DPE: SAA’s BRP success depends on financial health of subsidiaries
The Department of Public Enterprises (DPE) on Wednesday briefed Parliament’s select committees on appropriations and public enterprises on how R2.7 billion will be spent on the subsidiaries.
CAPE TOWN - The success of South African Airways (SAA)’s business rescue plan (BRP) depends on the financial and operational health of its subsidiaries Mango, Air Chefs and SAA Technical, Parliament has been told.
The Department of Public Enterprises (DPE) on Wednesday briefed Parliament’s select committees on appropriations and public enterprises on how R2.7 billion would be spent on the subsidiaries.
The money is part of the R10.5 billion bailout given to SAA to cover its business rescue process. SAA was put in business rescue in December 2019 and exited the process in April as a going concern.
Department of Public Enterprises acting director-general Melanchton Makobe said while SAA’s subsidiaries were not put into business rescue, they faced financial challenges due to SAA being put into business rescue, while COVID-19 restrictions also impacted on their operations.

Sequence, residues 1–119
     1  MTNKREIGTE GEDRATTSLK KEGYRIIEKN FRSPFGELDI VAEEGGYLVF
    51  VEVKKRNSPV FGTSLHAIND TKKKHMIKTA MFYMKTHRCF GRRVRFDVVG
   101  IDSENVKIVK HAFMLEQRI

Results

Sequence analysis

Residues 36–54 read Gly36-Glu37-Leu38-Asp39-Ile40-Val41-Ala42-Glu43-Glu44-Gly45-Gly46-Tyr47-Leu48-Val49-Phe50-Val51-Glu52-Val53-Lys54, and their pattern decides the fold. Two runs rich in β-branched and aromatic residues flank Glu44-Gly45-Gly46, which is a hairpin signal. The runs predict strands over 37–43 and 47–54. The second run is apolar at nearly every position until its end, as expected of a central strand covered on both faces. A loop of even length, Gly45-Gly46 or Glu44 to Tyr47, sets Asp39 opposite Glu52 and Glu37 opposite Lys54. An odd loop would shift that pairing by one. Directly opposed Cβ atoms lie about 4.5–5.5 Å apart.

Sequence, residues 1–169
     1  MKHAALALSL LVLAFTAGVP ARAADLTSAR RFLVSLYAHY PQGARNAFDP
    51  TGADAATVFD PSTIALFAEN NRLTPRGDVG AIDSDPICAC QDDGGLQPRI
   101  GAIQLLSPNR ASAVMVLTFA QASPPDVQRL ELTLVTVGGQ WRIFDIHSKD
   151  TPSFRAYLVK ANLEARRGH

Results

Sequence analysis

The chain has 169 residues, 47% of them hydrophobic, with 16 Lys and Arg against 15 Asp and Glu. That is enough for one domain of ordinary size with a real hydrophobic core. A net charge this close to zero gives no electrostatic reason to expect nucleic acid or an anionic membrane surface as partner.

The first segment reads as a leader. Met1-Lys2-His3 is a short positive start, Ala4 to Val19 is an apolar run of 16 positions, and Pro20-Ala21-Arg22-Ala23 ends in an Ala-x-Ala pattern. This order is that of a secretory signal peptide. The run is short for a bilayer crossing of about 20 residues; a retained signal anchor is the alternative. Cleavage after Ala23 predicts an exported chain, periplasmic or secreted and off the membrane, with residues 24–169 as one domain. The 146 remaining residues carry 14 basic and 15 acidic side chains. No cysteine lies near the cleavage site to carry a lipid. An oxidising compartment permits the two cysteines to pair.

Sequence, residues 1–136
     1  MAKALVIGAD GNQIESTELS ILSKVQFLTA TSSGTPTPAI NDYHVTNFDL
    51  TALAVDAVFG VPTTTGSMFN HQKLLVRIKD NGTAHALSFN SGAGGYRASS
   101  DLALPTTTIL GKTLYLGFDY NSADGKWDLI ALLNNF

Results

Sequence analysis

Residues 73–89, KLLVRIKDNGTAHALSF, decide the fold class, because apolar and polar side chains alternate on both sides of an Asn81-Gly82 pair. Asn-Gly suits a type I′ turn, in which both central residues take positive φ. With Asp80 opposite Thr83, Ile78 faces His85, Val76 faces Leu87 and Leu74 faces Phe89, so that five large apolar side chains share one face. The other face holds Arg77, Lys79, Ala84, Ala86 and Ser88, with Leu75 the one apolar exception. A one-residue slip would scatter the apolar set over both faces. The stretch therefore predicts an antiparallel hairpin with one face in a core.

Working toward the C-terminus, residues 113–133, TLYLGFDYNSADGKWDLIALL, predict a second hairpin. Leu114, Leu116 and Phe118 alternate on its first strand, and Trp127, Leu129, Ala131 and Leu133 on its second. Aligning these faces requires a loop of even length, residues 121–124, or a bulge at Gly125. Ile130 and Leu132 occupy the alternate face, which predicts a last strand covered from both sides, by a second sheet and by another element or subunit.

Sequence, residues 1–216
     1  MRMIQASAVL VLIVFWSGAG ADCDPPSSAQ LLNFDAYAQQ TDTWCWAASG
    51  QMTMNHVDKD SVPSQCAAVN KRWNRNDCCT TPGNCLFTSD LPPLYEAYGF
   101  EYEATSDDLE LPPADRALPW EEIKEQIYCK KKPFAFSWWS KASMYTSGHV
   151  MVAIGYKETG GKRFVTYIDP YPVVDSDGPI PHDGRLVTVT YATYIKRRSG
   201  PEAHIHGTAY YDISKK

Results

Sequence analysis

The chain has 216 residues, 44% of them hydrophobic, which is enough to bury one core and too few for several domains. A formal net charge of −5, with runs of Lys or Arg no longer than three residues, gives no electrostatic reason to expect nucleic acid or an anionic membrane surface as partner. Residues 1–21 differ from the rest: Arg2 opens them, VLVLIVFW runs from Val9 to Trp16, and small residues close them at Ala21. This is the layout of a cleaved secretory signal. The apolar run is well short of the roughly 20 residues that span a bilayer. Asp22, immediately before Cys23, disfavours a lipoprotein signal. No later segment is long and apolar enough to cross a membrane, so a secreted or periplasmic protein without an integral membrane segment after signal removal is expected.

“In actual fact, if you look at the business rescue plan (for SAA) it recognises the deteriorating financial position of subsidiaries and indicates that the success of the business rescue plan is dependent on the financial viability of (SAA’s) subsidiaries.”
Makobe said that of the R2.7 billion, SAA Technical will get R1.6 billion to cover its restructuring and right-sizing. The entity lacks money to buy spares in advance or cover its costs and is paying salaries only in part.
Mango will get R819 million to help with restructuring, paying off debt and providing working capital so it can fly again.
Air Chefs will get R218 million for restructuring and to cover costs it presently cannot meet.